STHS alums ride the Storm to further basketball careers
SALEM, Ore. – It’s a Friday night in the Pacific Northwest and the crowd is filing in as if the Lakers or Dodgers are the featured attraction.
But this is junior college basketball and audiences rarely grow larger than 100 spectators. To spend a night away from the books or give up the prime social night of the week, there has to be an attraction.
At Chemeketa Community College, 6-foot-9 sophomore center Curtis Johnson is it. The former South Tahoe High center is attracting two and three defenders from the Warner Pacific University junior varsity and the extra bodies are having very little success stopping Johnson from entrenching himself in the low post.
“I’m seeing a lot of triple teams and a lot of double teams, but most of the time I just have to be patient and look over them and pass across court,” Johnson said.
When one of the Storm guards feeds the ball inside to Johnson, fouling seems to be the only way to stop him. Johnson goes on to score 14 points and grab six rebounds in limited action because of the blowout win.
“He has moves both left and right,” said Warner Pacific coach Chris Azorr. ”He has an excellent baby hook over the middle and he’s just so big you can’t defend him.
“When you have a guy that big and that good finesse-wise, he’s tough to stop. You have to hope to contain him. Part of our game plan was to beat them up the floor and that (255-pound) guy was sprinting up and down the floor with them.”
STHS pipeline continues
As the Storm’s lead approaches double digits, a young man who is more recognizeable to South Tahoe High basketball fans enters the game.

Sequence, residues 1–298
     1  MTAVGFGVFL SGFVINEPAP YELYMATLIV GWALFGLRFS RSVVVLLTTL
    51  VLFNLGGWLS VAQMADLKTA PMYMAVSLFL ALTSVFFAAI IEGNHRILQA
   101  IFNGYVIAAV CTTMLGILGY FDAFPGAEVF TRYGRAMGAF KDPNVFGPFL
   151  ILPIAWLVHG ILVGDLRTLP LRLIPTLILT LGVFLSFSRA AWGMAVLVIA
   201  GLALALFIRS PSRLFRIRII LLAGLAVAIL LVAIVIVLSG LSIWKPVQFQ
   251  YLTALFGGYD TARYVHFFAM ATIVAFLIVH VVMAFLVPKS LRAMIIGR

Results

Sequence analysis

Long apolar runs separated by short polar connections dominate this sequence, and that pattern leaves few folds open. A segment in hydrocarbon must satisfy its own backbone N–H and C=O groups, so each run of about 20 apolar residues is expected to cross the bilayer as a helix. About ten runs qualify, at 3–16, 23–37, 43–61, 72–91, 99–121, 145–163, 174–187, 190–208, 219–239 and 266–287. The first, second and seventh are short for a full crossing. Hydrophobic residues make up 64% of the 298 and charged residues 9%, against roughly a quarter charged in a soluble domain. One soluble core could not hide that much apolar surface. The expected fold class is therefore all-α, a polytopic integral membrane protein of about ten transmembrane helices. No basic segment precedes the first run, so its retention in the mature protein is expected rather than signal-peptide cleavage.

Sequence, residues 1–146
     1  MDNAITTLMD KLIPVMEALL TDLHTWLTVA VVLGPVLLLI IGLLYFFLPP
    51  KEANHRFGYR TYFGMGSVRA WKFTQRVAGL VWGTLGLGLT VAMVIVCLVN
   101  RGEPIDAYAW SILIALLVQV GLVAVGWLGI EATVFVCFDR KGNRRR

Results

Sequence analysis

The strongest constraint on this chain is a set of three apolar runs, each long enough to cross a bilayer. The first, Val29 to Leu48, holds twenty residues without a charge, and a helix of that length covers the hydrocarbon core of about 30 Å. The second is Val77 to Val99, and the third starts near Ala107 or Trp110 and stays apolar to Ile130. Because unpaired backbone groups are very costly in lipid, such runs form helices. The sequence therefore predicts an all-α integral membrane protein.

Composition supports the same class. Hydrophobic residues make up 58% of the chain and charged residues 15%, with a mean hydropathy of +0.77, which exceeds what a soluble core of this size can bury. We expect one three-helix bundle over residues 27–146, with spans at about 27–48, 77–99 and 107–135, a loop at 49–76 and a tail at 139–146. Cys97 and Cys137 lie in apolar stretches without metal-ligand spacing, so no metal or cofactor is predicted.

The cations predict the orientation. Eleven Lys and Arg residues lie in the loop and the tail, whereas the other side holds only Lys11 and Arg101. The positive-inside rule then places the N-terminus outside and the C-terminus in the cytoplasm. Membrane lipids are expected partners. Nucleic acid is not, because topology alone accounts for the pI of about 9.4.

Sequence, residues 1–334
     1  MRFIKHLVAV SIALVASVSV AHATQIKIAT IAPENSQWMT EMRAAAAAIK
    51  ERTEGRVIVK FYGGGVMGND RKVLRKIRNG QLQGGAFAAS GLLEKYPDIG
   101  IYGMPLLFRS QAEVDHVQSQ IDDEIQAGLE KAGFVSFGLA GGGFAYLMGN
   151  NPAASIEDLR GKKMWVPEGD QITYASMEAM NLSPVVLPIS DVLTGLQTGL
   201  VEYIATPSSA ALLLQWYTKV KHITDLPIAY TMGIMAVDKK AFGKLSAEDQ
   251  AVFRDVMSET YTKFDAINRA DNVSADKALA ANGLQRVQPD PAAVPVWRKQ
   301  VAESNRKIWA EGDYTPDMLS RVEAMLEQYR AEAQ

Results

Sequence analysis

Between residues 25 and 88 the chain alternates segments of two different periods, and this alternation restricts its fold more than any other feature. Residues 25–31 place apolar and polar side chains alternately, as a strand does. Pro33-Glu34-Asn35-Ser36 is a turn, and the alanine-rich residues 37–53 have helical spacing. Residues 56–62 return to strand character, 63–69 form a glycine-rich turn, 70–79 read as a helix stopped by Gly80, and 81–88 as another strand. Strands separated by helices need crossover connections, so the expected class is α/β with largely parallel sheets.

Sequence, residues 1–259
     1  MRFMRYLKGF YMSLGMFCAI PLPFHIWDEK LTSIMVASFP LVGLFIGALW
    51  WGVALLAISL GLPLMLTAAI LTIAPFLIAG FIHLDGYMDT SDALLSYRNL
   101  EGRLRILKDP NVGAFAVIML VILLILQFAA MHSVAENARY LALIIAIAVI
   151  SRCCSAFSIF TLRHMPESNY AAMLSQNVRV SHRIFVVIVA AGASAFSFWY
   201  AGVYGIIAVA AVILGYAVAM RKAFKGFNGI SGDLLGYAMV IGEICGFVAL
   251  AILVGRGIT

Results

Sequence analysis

Even though his playing time is minimal, the multi-tattoed Matt Mora’s part in Chemeketa’s success on this night is no less than Johnson’s. Mora starts out doing the team’s dirty work, hitting the boards and setting screens.
However, Mora’s contributions go much deeper as he drains a pair of three-pointers. One of them followed a double stack with Johnson above the three-point arc. Johnson received a pass as he cut to the basket and when the defense collapsed on him, he spotted Mora open for a three-pointer.
“Coach put that in for me and Matt because Matt is such a good shooter,” Johnson said.
By the time Chemeketa finishes off the 109-73 victory, Mora has delivered his best game as a collegian, according to coach David Abderhalden.
“He’s been a little up and down so far, but I think he’s starting to get the rust off of him,” Abderhalden said. “It’s good to see because the guy who we saw when he visited and was here during the summer we hadn’t seen for a little while.
“It’s pretty typical at this level because everyone is all-state, all-league kind of guys and you got to come out and compete. The timing wasn’t quite there and he was forcing it a little bit. He’s starting to come around and he’s in that mix battling for playing time.”
Mora’s stat line reveals five rebounds, two steals and two assists, not to mention 5-of-5 shooting from the field as well as canning 2 for 2 from the line. His 14-point night is a career high, but the points don’t excite him.
“I’m just trying to get in and do whatever I can do to help the team,” Mora said. “We got the ‘W’ so that’s all that matters to me.”
Mora played sparingly in the Storm’s previous games, so he was pleased to make a favorable impression.
“This (really) is my first game since my senior in high school,” Mora said. “To get going it feels a lot better.”
Mora’s tough road to Chemeketa
Mora has endured more than most to continue his college basketball dream. After a redshirt freshman season at San Joaquin Delta Community College in Stockton, Mora returned to the South Shore to comfort and help his seriously ill mother. Diabetes cost his mother both legs and eventually her life.